“I won’t go back, I never will.

He won’t come back,  He never will”

“I won’t go back, I never will.       He won’t come back, he never will”

Only John  Harrison’s announcement of the break can wake me from my reverie.

Part two and time for getting into a Christmas spirit courtesy of Ingrid and Barry.  Music and text from Hans Knipp it says in my notes.  Knipp wrote over 100 songs for renowned Cologne Folkies Bläck Fööss so no ‘Silent Night’ or ‘Little Town of Bethlehem’ here – only Ingrid’s sweet vocals and Barry’s gently tinkling piano keys – oh, and an audience singing along.

 

Günter Peters is best known as our Man on the Folk Club Piano and that’s where he took his place again this evening but in the company of Rita Nattermann to present Foxtrottand Operette music and song.  Always a pleasure to hear Günther who never fails to surprise and delight with his choice of music and accompanists.

Note-4-Note sing (note perfectly of course!)

The second 4 piece – numerically and per name – of the evening were next up.  Note-4-Note is a collective name for the Ladies Quartet with a lively barbershop style set that was brightly sung and finely presented,  It’s always great to see that performers have put thought into not just singing/playing but also to presenting their act.  You won’t be surprised to hear that I particularly loved their ‘Birth of the Blues’ but Neil Sedaka’s ‘Love will keep us together’ was close second favourite and you couldn’t help but feel a tear in your eye to the words of Jerome William’sMay the road rise to meet you; May the wind be always at your back. May the sun shine warm upon your face” (Irish Blessing)

 

Kempston Kaptivates the audience

 

We were waiting though to ‘meet’ Simon Kempston again for his second set and suffice to say we were not disappointed.  He’d been sitting down for part one – apologizing immediately for his choice of socks with the request not to tell his mum.  Part two was a stand up affair and odd socks or not Simon is fast on his feet, weaving back and fourth gently to the melodies  like a boxer taking on a tricky opponent.  How to approach these thoughts?, these emotions? A Simon Kempston song is a serious matter, even when he gives out a sudden ‘yelp!’ or two as on ‘Belfast Night’.  That sweet vibrato harmonic in Simon’s unique voice  draws the listener in where he/she is held firmly by sweet trickling droplets of melody.  Simon not only covers Dougie MacLean’s classic ‘Caledonia’, Kempston owns it.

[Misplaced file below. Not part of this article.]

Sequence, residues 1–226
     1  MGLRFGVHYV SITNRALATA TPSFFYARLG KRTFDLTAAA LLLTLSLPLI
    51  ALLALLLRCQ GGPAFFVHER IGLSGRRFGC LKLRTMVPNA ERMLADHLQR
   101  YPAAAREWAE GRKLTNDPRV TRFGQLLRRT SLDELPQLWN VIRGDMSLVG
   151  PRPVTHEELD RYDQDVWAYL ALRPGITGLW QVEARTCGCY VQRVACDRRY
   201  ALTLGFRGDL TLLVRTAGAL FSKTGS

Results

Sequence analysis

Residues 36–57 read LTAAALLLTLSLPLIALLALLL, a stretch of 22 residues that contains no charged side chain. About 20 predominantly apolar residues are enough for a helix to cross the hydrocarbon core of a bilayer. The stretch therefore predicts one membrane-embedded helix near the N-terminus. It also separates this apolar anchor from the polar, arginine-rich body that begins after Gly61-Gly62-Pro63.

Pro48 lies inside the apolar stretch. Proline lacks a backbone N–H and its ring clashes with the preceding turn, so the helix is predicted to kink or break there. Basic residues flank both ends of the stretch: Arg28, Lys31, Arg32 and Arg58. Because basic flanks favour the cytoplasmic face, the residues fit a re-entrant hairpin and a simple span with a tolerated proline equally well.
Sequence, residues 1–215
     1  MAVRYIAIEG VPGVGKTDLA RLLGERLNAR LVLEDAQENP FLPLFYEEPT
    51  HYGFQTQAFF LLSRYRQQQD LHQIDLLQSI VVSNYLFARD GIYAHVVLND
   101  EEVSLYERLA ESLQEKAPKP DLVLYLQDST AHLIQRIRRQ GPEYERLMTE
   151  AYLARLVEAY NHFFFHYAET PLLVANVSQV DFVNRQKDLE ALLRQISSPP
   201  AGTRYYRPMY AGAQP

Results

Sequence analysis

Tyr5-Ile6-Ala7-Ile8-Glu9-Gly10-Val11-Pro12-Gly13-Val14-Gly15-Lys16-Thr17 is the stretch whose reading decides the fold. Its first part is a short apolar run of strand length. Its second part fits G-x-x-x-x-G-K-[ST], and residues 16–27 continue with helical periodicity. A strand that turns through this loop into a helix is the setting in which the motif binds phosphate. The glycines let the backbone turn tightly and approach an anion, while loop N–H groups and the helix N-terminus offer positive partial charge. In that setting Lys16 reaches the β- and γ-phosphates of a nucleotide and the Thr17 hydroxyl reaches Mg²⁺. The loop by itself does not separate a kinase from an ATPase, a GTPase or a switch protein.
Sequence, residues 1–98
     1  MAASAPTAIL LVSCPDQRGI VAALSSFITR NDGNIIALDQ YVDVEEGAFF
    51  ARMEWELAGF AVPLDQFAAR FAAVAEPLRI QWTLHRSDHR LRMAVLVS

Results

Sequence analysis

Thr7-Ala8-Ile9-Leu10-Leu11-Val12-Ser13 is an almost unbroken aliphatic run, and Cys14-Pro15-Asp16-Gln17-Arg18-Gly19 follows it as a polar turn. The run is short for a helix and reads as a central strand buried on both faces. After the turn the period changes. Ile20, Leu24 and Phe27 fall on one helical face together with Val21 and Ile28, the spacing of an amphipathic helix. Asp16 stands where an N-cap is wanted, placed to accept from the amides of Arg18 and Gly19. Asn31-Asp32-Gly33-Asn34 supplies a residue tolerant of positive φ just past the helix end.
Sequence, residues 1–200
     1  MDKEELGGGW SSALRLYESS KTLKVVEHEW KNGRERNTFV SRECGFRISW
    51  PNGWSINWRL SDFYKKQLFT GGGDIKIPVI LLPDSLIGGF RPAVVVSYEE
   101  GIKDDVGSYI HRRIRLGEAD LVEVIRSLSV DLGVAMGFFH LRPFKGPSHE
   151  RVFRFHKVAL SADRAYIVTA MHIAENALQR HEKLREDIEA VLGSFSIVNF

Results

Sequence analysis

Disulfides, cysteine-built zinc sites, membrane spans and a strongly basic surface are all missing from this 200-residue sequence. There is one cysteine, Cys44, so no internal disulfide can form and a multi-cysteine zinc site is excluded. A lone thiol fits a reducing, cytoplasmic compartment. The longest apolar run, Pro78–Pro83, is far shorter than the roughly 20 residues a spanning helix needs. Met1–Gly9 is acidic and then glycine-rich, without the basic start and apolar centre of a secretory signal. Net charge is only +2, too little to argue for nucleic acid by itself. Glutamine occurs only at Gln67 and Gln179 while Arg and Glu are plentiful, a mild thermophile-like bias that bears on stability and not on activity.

I’m woken once again from my reverie by John Harrison asking all the evening’s performers to get together for ‘Jock Stuart’ and sadly another Folk Club has come to an end.  Simon’s smile as he joins John on the chores of ‘Jock’ tells me that he’s had a good time, and Simon’s recent internet blog confides that he has a few songs already earmarked for the next release.  There is a very good chance that Simon will be back next December.  Good news for anyone who loves delicate melodies and vocals beautifully played and sung.

All smiles – It’s time for Jock Stuart!

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No apologies for showing this video from Simon – beautifully created by Simon P Biggs…